I've been thinking about mangling and demangling for a while and how it relates to Windows. I see a lot of code all over the place that manually inspects mangled names, and usually the code is all custom and handrolled. (If you're interested I can point you to a bunch of examples). I don't like this way of doing things and I think it's generally fragile. There should be one place that's responsible for anything to do with mangling. All these places that are inspecting strings for _Z or ? should just be calling some class to ask it about the properties of this string.

The most sensible place to do that, to me, seems like the ABI. So I'm imagining that there's a Mangler base class, and then from that there is an ItaniumCppMangler, a MsCppMangler, and let's say perhaps a JavaMangler for the purposes of this CL. Maybe they share some code, but that's not the important part.

ABI provides a method called getMangler(). It returns a singleton instance (which for Windows would be an MsCppMangler, and for everyone else would be an ItaiumCppMangler).

In the Symbol class, then, all you need to store is the mangled name. Implement a method in Symbol called getMangler() which looks at m_comp_unit, and either gets the ABI and calls getCppMangler (if Lang is C++) or a null mangler (if Lang is C) or a java mangler (if Lang is Java), etc.

Then, just call the method on it.

All this seems complicated, but the advantage is that now this logic is abstracted for anyone else who wants to use it. The Mangler interface could provide such methods as IsGuardVariable() or IsFunction() that things like the interpreter could use by getting the correct mangler from the ABI, for example. And all of the places in the code that currently have hardcoded mangler checks could be made to work in the presence of ABI differences and language differences easily.

And this doesn't impose any memory penalty on Symbol (and actually reduces the footprint of each Symbol by the size of 1 pointer)

I do also want to stress that I believe that all the places that are manually checking for "_Z" and the likes switch over to using methods on Mangled so we can avoid the issues you are seeing.

Changes requested in this review were taken into account in reworked patch - see http://reviews.llvm.org/D7409.

To make my comments clearer:

1 - Can't we tell the language by looking at the Mangled prefix? "_Z" = C++, "$" = C++?
2 - Where do we need to know the language? I the JIT? If so we might need a new MangledWithLanguage class and use it only where we need it so it doesn't make lldb_private::Symbol and lldb_private::Function and lldb_private::Block's inlined info take up more space. We spent a lot of time doing memory analysis on LLDB and lldb_private::Symbol objects were consistently at the top of the heap.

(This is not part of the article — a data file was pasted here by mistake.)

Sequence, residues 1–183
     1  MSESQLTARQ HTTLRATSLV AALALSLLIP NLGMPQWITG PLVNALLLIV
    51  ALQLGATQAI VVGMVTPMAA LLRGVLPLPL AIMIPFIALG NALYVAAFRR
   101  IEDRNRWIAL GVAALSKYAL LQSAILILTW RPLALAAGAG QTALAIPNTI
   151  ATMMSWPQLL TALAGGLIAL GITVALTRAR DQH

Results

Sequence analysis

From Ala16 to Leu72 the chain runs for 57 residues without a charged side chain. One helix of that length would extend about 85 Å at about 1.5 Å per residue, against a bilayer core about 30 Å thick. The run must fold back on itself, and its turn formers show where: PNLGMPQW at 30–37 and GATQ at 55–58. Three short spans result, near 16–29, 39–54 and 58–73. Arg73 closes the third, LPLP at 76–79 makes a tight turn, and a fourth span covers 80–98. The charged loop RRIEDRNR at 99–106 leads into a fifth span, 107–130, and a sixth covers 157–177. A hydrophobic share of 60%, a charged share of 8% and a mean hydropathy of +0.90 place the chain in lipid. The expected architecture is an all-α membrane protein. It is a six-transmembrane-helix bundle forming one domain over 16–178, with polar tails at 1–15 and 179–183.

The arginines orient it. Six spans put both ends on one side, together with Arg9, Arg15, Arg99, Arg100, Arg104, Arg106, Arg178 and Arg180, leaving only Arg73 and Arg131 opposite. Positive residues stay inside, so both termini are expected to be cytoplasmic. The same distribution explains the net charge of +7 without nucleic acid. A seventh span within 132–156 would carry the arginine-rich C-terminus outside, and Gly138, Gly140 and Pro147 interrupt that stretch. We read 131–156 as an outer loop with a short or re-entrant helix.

1 - No - because, for example, Delphi use same mangling, but has thin differences in types name demangling and namespace separator (same with Java).

2 - We need to know exact language for given function or method name demangling with its parameters types on full header.

I really can't take the memory hit that is incurred by adding anything to the Mangled class. lldb_private::Symbols are one of the largest sources of memory consumption by a large debug session in LLDB and adding and extra 64 bits (32 for the enum and 1 byte for the bool and then padding) to each one it too much. Can we make this change in a way that doesn't require the extra storage?

Can't we tell what is mangled by looking at the prefix in a Mangled instance? If not, you will need to make a MangleWithLanguage instance for places the language needs to be used if it can't be deduced by the mangling prefix. The "m_language" is not really used inside the the Mangled class, so it isn't required for anything inside of the Mangled class.

You should also not have to modify the DWARF parser at all, you can just get the lldb_private::CompileUnit from the DWARF compile unit and ask the lldb_private::CompileUnit for its language (lldb_private::CompileUnit::GetLanguage()).

Greg, Mangled class is low level helper to Symbol, Function and other code which use demangling. If DWARF allocated Mangled instance - language should be passed from DWARF attrs here - because by itself Mangled can't have reverse references to classes which can use Mangled class.

include/lldb/Core/Mangled.h
347

Fixed - see reworked patch at http://reviews.llvm.org/D7409.

source/Core/Mangled.cpp
5095

Fixed - see reworked patch at http://reviews.llvm.org/D7409.

5226

No, because my idea was - initially Symbol or Function name demangled against unknown (i.e. = C++ implicitly) language in places where language cannot be actualized, then language may be actualized (from CU language or if user set language explicitly for frame) and Mangled should do re-demangling upon actual language given via constructor or via SetLanguage() method. If set language still unknown - re-demangling is not performed. If you will clear m_demangled unconditionally on each SetLanguage() invocation you will be obliged to re-demangle name again and again - i.e. performance impact. So flag needed in addition to m_demangled != NULL check.

5271–5273

Fixed - see reworked patch at http://reviews.llvm.org/D7409.

5301

Please see my answer about why flag needed instead just m_demangled != NULL check above.

5364

Yes - delayed re-demangling starts only in case language changed to known language instead of unknown. But initially (first time) demangling always performed blindly against unknown language in C++ manner - because lots of language dependent lldb code written in implicit assumption what language is C++/ObjC, so I created my patch with respect to this.

ki.stfu abandoned this revision.Feb 5 2015, 8:04 AM

See additional information at http://reviews.llvm.org/D7409

dawn added a subscriber: dawn.Jul 1 2015, 12:18 PM

See http://reviews.llvm.org/D10744 for a rewrite of this patch.